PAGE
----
The company has long attempted to break out of the search box in the minds of users, looking for something more sticky and valuable to serve them with, but has made a poor job of it at every turn. What is happening with the Google+ social push is even worse, however. In desperately attempting to shoehorn existing properties into the big Google+ family, the company has diminished, rather than enhanced, their value to users. I can no long frequently recommend Apps as a solution for businesses, for example, because the company is not only divorced from core Apps services as a revenue stream (this was always true and always a moderate risk), but is now visibly desperate to somehow make everything "social" at the expense of core functionality. The "Search Plus Your World" tinkering with search is a frightening and potentially damaging example that could mark the beginning of a steady deterioration in the very business that users turn to the company for.
Graham compares Google's obsession with Facebook over Microsoft's with Google and I think that's apt in most respects. Microsoft saw Google's philosophy of computing services as a threat and made the mistake of thinking that Google itself was the threat, and attempted to mimic them to compete, making a poor job of it. Google seems to be taking the same tack with Facebook. This isn't necessarily to condemn either Microsoft or Google; the philosophies they are up against are existential threats to their existing businesses, and it's always a tough call to find a way to reinvent your business without cannibalizing it. Microsoft, despite several mis-steps, may in fact be doing a better job of this than Google is. One can only hope Google will similarly find a workable solution to their own dilemma.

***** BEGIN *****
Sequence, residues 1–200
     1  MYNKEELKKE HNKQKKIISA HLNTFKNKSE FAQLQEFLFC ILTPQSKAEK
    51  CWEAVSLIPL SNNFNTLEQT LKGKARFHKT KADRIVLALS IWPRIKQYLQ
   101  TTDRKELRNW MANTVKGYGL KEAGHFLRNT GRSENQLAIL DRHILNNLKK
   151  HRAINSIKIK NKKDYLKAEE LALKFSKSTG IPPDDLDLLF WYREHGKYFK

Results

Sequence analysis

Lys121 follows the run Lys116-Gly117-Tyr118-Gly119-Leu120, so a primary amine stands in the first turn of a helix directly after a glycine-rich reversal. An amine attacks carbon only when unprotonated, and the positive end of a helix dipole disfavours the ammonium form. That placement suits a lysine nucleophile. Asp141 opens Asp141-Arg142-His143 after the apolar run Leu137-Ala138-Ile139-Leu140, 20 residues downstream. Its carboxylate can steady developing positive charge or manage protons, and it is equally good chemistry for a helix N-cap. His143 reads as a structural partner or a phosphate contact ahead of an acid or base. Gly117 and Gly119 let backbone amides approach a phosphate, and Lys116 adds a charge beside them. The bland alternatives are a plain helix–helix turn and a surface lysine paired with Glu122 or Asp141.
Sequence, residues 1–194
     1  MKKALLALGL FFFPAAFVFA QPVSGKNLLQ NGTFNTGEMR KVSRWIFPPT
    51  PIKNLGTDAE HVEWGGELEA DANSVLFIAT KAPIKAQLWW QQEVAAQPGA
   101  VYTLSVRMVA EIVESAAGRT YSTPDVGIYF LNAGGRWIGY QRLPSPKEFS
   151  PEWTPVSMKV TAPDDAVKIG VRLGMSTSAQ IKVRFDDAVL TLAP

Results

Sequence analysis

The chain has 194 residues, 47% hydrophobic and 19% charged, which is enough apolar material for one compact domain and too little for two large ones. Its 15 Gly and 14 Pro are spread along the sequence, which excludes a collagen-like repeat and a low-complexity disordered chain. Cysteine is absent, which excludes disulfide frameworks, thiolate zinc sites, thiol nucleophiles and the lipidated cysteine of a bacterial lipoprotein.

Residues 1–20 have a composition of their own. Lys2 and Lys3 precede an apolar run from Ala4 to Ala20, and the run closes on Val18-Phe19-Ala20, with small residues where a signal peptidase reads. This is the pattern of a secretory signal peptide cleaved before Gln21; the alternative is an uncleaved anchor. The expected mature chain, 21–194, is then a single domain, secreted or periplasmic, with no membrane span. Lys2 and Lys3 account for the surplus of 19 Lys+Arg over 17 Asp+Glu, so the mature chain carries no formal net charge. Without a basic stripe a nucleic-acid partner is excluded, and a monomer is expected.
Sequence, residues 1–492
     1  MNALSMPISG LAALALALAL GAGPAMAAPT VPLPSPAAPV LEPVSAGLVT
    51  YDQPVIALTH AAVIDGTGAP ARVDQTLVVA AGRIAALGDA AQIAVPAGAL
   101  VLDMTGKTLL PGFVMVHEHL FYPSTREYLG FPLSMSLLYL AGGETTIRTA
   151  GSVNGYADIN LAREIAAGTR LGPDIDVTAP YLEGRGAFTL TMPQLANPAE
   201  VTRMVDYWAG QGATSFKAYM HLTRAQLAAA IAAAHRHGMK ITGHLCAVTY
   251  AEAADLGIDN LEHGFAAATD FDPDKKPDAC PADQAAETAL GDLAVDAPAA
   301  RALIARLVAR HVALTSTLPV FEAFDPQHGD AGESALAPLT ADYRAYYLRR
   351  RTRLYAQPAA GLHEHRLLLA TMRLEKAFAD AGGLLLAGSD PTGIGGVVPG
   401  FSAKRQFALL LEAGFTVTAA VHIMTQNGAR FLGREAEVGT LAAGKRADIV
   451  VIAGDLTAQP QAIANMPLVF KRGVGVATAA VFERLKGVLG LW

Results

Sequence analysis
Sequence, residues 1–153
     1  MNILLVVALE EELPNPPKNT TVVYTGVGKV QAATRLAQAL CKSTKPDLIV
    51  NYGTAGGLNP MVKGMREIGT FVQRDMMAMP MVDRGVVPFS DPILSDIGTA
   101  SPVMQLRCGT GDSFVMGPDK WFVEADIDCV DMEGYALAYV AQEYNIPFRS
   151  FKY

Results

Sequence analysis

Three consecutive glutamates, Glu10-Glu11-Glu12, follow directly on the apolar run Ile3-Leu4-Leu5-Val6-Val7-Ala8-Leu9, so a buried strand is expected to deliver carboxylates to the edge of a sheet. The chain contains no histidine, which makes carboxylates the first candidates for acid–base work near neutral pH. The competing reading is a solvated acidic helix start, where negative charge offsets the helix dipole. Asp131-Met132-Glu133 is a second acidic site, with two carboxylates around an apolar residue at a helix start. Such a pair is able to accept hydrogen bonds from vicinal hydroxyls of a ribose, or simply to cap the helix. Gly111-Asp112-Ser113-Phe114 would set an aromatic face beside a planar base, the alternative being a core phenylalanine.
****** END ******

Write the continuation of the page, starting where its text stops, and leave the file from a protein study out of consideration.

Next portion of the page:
Unlike Microsoft, however, Google doesn't have the advantage of a massively entrenched product infrastructure that would take decades to supplant. Moving ad dollars and searching eyeballs to a competitor is the work of minutes. If their moves have a whiff of desperation, it's desperation well-earned.
Sixty Minutes ran a segment on Stuxnet and cyberwarfare in general recently (here's the clip, courtesy of ZDNet). There's nothing in the report that doesn't reflect information that hasn't previously been published elsewhere on the Internet, but they do interview some of the key players in tracking it, and a number of other experts discussing the potential impact of similar efforts with other targets. These represent the usual gamut of fear-mongering conspiracy theorists with extravagant, devastating scenarios.